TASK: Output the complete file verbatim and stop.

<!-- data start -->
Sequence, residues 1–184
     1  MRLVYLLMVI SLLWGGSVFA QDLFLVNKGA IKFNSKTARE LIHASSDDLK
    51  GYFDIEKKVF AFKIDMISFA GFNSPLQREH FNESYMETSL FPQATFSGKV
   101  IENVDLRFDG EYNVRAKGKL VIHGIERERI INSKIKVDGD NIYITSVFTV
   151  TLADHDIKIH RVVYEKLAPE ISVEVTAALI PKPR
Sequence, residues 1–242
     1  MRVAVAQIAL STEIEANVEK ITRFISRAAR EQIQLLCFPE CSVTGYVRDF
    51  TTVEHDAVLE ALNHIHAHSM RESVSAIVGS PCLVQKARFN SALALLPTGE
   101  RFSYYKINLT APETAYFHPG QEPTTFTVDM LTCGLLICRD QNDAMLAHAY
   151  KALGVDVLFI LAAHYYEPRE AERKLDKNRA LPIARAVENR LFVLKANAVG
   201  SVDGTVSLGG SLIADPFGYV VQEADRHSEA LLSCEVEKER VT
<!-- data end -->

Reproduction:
Sequence, residues 1–184
     1  MRLVYLLMVI SLLWGGSVFA QDLFLVNKGA IKFNSKTARE LIHASSDDLK
    51  GYFDIEKKVF AFKIDMISFA GFNSPLQREH FNESYMETSL FPQATFSGKV
   101  IENVDLRFDG EYNVRAKGKL VIHGIERERI INSKIKVDGD NIYITSVFTV
   151  TLADHDIKIH RVVYEKLAPE ISVEVTAALI PKPR
Sequence, residues 1–242
     1  MRVAVAQIAL STEIEANVEK ITRFISRAAR EQIQLLCFPE CSVTGYVRDF
    51  TTVEHDAVLE ALNHIHAHSM RESVSAIVGS PCLVQKARFN SALALLPTGE
   101  RFSYYKINLT APETAYFHPG QEPTTFTVDM LTCGLLICRD QNDAMLAHAY
   151  KALGVDVLFI LAAHYYEPRE AERKLDKNRA LPIARAVENR LFVLKANAVG
   201  SVDGTVSLGG SLIADPFGYV VQEADRHSEA LLSCEVEKER VT